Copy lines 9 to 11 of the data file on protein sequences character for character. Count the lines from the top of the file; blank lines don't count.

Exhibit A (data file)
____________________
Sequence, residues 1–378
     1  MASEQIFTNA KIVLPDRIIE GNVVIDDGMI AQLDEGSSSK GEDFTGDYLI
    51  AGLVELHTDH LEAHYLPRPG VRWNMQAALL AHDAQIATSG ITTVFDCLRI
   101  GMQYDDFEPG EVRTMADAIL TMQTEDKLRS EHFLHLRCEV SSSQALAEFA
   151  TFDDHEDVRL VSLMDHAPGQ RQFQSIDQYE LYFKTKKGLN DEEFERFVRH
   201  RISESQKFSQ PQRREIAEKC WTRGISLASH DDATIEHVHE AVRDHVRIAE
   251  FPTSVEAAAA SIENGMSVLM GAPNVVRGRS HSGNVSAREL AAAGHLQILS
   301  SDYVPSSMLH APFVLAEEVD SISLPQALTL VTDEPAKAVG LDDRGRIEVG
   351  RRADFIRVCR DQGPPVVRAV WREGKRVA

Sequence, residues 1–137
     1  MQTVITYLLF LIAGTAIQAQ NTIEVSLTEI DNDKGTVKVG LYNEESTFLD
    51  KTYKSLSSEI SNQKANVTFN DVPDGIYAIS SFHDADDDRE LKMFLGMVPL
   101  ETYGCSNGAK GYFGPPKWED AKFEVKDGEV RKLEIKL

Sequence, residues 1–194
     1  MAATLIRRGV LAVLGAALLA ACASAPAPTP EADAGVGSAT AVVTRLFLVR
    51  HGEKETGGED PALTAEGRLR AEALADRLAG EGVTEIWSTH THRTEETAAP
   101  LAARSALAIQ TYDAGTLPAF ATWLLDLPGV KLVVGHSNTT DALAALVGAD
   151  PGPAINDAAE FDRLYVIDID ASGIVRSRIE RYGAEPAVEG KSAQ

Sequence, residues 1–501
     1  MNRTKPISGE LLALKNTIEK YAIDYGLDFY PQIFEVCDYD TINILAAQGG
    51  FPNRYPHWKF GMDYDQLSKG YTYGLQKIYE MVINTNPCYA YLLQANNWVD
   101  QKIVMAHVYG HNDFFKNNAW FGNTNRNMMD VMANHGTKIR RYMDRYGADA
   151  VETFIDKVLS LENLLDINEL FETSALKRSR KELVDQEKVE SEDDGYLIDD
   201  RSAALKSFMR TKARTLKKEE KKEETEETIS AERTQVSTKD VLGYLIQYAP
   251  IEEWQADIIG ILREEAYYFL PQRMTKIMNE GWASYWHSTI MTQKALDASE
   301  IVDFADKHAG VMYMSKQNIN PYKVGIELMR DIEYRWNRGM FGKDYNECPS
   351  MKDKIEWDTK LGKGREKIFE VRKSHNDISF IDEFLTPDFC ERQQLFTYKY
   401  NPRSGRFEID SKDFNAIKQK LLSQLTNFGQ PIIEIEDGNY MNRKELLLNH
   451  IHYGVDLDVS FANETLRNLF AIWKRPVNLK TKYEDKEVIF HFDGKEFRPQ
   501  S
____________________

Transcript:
   351  RRADFIRVCR DQGPPVVRAV WREGKRVA

Sequence, residues 1–137
     1  MQTVITYLLF LIAGTAIQAQ NTIEVSLTEI DNDKGTVKVG LYNEESTFLD